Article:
Handheld Gaming is Over: We Think Not

Handheld Gaming is Over: We Think Not

Last week, Midori Yuasa, the President of Capcom Interactive, declared that handheld gaming is over. Long live mobile games.

“The casual gamer that used to play on the PC,” Yuasa told MCV in an interview, “and the hardcore gamer that used to play on a dedicated gaming portable now plays on their smartphone.” She also said that Capcom will be upping its support for the iPhone tremendously in 2011.

Capcom Interactive develops and distributes games for mobile phones, so it stands to reason that Yuasa would want to throw her full weight behind the fledgling platform. But her statements about the PC and handheld gaming market reveal that she doesn’t understand a lot about Capcom’s own history, its current works, or the game industry as a whole.

First: “Casual gamers used to play on the PC?” FarmVille says hello, Yuasa. So does PopCap Games and NeoPets.

Second: What about hardcore gamers and their PC’s? We’ve seen the rise of game consoles, handhelds, and mobile gaming, and PC gamers are still very faithful to their computers.

Third: If “hardcore gamers” have moved on from handheld systems, someone ought to tell Capcom, as they were among the earliest third party developers to declare support for the Nintendo 3DS. Street Fighter IV: 3D Edition is over, guys. Wander off to find your next challenger, Ryu. Oh, and forget about Ghost Trick and Okamiden for the Nintendo DS. Nobody wants ’em.

As for the consistently strong sales behind the Monster Hunter franchise on the PSP, those numbers are an illusion. The entire nation of Japan was just humoring you, Capcom.

Everybody wants to work for the winning team, and right now, mobile gaming is a big winner. But it’s simply occupying space beside Nintendo and Sony. Nobody’s in a rush to throw down their PCs, their consoles, their DS’s and PSP’s forever to pick up an iPhone. To that end, Yuasa’s declaration might be seen as the words of a fangirl who got a little over-eager. But digging a bit deeper, we can see that her statement also harms Capcom by dismissing all the hard work the company has put into its games for the Nintendo DS, 3DS, and PSP.

That’s a sad, misinformed thing to do, and it’s just plain not nice.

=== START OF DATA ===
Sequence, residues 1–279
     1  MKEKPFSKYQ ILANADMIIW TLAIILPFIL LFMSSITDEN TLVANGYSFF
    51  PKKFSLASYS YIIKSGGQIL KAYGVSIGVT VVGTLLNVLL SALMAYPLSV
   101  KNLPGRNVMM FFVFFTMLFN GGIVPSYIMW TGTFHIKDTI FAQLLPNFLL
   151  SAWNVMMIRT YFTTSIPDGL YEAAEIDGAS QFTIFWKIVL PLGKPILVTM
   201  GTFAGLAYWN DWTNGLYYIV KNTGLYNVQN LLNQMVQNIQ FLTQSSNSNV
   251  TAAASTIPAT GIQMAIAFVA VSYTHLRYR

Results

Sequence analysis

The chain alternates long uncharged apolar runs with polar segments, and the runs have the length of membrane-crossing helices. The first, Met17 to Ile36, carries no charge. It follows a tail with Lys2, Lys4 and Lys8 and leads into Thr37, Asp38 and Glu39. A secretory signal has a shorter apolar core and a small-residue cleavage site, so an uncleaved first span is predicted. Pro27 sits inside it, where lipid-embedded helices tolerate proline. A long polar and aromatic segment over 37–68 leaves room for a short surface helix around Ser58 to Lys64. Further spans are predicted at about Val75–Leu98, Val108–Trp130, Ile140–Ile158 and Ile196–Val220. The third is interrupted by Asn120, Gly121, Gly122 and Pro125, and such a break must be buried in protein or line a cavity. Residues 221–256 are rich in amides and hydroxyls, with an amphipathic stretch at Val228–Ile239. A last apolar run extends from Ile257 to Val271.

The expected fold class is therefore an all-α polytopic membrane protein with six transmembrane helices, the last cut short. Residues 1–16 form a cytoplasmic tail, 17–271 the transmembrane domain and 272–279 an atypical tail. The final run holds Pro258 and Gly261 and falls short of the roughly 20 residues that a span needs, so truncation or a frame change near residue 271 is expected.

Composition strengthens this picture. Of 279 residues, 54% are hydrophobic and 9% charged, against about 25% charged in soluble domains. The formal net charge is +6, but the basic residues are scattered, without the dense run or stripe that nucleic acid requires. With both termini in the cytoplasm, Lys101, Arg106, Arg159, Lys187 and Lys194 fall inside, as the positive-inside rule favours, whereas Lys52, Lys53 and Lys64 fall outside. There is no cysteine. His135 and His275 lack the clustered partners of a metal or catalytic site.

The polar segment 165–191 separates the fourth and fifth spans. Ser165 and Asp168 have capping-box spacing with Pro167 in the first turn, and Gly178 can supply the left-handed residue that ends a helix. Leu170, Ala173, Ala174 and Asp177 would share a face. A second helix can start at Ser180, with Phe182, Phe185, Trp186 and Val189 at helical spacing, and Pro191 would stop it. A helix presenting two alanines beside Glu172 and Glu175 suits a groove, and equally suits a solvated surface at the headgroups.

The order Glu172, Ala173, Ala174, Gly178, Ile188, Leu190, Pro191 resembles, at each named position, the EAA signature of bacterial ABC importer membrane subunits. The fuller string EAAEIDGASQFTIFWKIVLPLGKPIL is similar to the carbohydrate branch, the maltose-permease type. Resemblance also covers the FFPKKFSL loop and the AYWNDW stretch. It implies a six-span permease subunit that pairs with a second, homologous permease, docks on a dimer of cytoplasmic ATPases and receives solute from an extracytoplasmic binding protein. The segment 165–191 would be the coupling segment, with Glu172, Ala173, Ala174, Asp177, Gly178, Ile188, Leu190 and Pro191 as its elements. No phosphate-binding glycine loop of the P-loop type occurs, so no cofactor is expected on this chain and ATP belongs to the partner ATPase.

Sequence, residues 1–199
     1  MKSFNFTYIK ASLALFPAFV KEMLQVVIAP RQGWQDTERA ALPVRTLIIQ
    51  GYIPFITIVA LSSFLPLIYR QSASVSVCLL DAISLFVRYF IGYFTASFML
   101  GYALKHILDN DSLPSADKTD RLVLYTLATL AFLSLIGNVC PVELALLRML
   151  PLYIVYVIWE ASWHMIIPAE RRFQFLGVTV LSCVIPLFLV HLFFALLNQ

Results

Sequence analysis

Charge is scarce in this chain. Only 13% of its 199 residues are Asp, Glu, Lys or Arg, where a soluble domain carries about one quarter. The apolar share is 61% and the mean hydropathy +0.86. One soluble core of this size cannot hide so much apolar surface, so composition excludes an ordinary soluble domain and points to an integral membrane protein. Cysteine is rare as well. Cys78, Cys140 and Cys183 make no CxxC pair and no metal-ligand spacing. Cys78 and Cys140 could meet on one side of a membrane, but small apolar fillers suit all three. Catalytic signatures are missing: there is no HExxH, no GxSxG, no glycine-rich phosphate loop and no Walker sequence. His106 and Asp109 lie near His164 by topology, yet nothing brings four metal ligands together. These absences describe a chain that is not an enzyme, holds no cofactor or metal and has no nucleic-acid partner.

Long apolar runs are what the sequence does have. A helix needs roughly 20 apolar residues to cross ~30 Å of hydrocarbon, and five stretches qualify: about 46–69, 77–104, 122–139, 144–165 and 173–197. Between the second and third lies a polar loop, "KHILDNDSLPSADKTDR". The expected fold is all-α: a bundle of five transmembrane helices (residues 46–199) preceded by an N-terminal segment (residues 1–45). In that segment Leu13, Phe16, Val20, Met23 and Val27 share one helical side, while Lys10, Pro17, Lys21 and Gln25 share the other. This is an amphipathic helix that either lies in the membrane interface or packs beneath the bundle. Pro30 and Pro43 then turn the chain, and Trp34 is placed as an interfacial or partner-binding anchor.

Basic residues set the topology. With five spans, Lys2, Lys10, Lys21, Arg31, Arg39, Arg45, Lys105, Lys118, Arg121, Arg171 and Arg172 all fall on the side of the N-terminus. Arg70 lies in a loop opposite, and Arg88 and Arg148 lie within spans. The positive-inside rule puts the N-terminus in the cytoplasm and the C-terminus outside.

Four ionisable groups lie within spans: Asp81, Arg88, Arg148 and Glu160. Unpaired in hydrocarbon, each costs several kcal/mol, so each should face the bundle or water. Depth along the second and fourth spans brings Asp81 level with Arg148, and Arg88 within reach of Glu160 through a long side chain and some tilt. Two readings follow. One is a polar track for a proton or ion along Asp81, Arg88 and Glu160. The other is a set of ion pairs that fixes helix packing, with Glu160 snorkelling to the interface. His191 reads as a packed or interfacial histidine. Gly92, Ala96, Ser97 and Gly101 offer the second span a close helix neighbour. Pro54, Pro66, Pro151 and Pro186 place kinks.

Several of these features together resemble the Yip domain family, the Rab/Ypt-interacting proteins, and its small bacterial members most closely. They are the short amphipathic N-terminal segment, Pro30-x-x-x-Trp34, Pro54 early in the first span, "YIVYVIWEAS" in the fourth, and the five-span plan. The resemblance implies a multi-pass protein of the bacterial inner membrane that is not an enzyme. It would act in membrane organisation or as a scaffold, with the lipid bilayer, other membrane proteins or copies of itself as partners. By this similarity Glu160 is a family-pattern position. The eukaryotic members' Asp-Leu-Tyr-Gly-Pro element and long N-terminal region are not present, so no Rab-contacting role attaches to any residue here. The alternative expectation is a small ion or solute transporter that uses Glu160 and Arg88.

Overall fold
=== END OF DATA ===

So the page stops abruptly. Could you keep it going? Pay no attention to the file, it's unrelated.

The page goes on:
About Nadia Oxford
Nadia is a freelance writer living in Toronto. She played her first game at four, decided games were awesome, and has maintained her position since. She writes for 1UP.com, Slide to Play, GamePro and other publications, and is About.com’s Guide to the Nintendo DS.

2 Comments

  1. You have good arguments, but it does depend on the way you look at it.
    Of course handheld gaming isn’t over… Midori Yuasa is wrong. We have a PSP2 and a 3DS to show for that.

    But you can’t ignore the fact that Apple is opening up the market with great games for less money. If you add up the price of hardware and software, Apple isn’t even that expensive, especially if you buy an Ipod Touch witch lets you play all the games without a fancy phone. The Iphone Touch is actually a competitor for Sony and Nintendo.
    And as Sony is also bringing out a PSP phone (the Xperia play) I wonder if we’re not going into a hybrid market altogether. Where there’s not that much of a difference between mobile gaming and handheld gaming. The phone is becoming just another option (instead of a few years ago, where games were just an option on a phone).

  2. Before social games most of the people who played games would download downloadable games and play those. Big Fish Games is still the biggest distributor of casual games, but they are not growing as much as they once were. Social and free games have taken a lot of the market away from the traditional downloadable games in a sense, but people are still playing games on the computer. Cloud / browser based gaming is the future. For casual and core games. I think it’s fair what Capcom said about PC games. Look at retail stores: PC shelf space is nothing compared to what is given to console games. PC gaming has largely divorced itself from retail. Online distributors like BFG may one day soon be forced to evolve as consumers expect to be able to play new casual games completely online and on any device. Steam may be forced to do this as well as technology advanced and more things become possible.

    The problem with “handheld” games (in the sense of the NDS or PSP) is that they require dev kits to make games for, while “mobile” devices such as the iPhone do not have such barriers to entry. Growth is more possible with more open devices. Many companies are realizing this and their newer devices support more open channels of distribution (such as NGP supporting Android apps). Handheld in the old sense will die out and everything will be open… eventually. I think this is what Yuasa was getting at, though she does seem like she’s just saying some things other people want to hear. 🙂

    I would buy Monster Hunter on any device it was released. Monster Hunter is the type of game which sells devices. The day Monster Hunter gets the Quake Live treatment will be big.

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